"I've seen people who are forced into retirement take to drink or fade away. It's not that I'm against drink. I'm a Scotsman for goodness' sake! Of course I like a wee dram, but only if I'm out with company. I don't drink at home, unless we have guests, and I don't binge drink.

"I'm hoping to break the family record and live to 100 and until then, I'll work as long as I want. Compulsory retirement is like the marriage bar that used to force women out of their jobs.

"Ageism is the same thing: it's one person or group of people making a decision for somebody else. They have no right to do that. It's just another form of discrimination.

"Thankfully, ageism doesn't exist here at B&Q. Nobody comes up and says, 'You're 66. Do you want to retire?' It's your decision how long you want to stay. My job means a lot to me. It keeps me active. If you don't use it, you lose it and I don't want to be a couch potato," says Ted.

At 83, Mary Bradshow "absolutely loves" her job working five mornings a week at the Business in the Community/Community Foundation for Ireland offices in central Dublin. She's worked since she was 14 and plans to keep doing so as long as she's able.

"I started 14 years ago, shortly after my husband John died from a stroke. I missed him terribly then and I still miss him every day, because we were always together. Every morning I take the five-to-seven bus from Cabra and get to work about 7.15.

"I look after the kitchen and make sure everything is in order for the staff when they arrive around 8.30."

For Mary, the fact that she enjoys the company of her colleagues so much is a key reason she continues to love her job. "I have the kettle boiled so they can start their day with a nice cup of tea or coffee. They're a lovely crowd and that's what makes it special for me. The few bob is handy, but I mainly do it for the company.

"Having a job gets me out and about and I feel I'm contributing to society.

"At half past nine, I go to Mass in the Pro Cathedral. I pray for my family, friends, neighbours, the people I work with - everybody, really - then I pick up a few bits and pieces in Tesco and I'm home by noon.

"I like to be on the go. I have two sons and six grandchildren and at the weekends I go to concerts and plays with my friends May and Ethel. I'm also looking forward to the office Christmas party. After the meal I'll be the first one up on the floor. I hope I don't make a show of myself!"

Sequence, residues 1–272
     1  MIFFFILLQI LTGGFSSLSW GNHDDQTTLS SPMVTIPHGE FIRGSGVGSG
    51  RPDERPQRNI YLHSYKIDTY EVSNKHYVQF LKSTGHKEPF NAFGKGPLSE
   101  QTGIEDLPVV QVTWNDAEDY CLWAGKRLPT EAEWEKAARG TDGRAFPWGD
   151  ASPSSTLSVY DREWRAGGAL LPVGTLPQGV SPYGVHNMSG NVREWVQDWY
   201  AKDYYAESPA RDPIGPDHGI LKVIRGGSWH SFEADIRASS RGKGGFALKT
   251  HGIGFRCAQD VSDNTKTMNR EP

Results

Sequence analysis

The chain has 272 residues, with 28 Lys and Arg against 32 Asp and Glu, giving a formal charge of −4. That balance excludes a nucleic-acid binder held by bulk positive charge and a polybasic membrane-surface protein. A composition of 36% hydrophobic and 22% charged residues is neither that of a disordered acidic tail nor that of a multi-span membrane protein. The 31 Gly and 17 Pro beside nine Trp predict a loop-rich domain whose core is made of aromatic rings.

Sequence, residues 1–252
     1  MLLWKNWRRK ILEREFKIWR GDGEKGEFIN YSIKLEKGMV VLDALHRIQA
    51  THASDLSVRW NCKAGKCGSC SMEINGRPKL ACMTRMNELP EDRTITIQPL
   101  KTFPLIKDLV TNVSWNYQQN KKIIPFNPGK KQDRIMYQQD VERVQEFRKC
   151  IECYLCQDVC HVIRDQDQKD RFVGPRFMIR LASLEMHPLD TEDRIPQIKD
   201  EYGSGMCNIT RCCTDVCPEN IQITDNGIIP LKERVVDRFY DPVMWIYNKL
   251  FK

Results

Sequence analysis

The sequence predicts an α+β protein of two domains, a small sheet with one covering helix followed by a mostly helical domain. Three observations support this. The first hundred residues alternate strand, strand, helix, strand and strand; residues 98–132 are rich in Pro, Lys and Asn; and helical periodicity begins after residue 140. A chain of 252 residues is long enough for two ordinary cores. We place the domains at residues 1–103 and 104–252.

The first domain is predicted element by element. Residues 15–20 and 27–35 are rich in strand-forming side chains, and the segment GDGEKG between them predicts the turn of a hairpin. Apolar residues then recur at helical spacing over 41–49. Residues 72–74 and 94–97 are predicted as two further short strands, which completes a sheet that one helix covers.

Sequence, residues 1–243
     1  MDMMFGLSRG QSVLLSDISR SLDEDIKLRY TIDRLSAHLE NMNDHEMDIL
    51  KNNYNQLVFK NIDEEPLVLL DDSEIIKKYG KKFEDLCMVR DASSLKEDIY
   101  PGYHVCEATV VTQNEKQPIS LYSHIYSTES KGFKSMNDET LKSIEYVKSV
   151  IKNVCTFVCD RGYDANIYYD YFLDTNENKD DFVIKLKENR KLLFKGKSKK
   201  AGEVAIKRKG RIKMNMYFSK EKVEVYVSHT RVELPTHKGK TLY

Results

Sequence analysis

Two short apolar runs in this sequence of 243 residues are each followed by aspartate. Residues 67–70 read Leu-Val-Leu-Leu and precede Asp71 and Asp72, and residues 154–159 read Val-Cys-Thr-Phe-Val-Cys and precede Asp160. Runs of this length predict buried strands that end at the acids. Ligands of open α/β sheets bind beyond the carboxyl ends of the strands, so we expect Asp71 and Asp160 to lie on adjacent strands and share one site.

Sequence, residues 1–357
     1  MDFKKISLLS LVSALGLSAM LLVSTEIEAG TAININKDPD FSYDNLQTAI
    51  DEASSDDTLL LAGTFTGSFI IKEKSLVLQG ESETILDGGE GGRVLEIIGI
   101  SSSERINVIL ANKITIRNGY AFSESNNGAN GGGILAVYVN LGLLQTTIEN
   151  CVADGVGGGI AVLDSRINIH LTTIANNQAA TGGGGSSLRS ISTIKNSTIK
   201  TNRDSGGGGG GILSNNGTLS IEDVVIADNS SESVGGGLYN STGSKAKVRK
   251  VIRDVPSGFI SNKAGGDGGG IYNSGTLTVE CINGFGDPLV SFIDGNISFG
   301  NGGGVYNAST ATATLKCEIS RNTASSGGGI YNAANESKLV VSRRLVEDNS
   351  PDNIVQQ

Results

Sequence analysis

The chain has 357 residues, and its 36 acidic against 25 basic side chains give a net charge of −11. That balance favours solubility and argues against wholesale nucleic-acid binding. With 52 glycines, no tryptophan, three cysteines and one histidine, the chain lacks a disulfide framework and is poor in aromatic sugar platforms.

While there is no fixed retirement age in Ireland, a company can specify one in its employees' contracts of employment. This is traditionally set at 65, the same age of statutory retirement for some public servants.

However, that might be about to change. Labour TD Anne Ferris has tabled a Bill to abolish the mandatory retirement age. Fully supported by the Justice, Defence and Equality Committee, her Employment Equality (Abolition of Mandatory Retirement Age) Bill would prohibit employers imposing compulsory retirement ages on their employees.

"I've had loads of letters from older people who want to stay in the workforce, some for financial reasons - like those parents who took out a second mortgage to support sons or daughters - and others who just love their job and don't want to stop," she says.

"Most of the correspondence has come from HSE workers who have a particular anomaly to deal with: not only are they compelled to retire at 65, they can't draw their pension until age 66.

"In the interim, they're forced to claim Jobseeker's Allowance! So all they want is to work that extra year to meet their pension age.

"Many people are happy to retire at 65 or even earlier, but I think if you're able and competent, you should be allowed to continue working if you so choose.

"When the old age pension was first introduced people weren't expected to live beyond 65, but we're all living longer now and our legislation needs to adapt to the 21st century.

"Mandatory retirement was dropped almost 50 years ago in the USA and in lots of other countries since then - and the sky didn't fall in.

"Just as it took Ireland longer than most countries to abolish the marriage bar, it's well past time we caught up and put an end to this discrimination based on age."

Irish Independent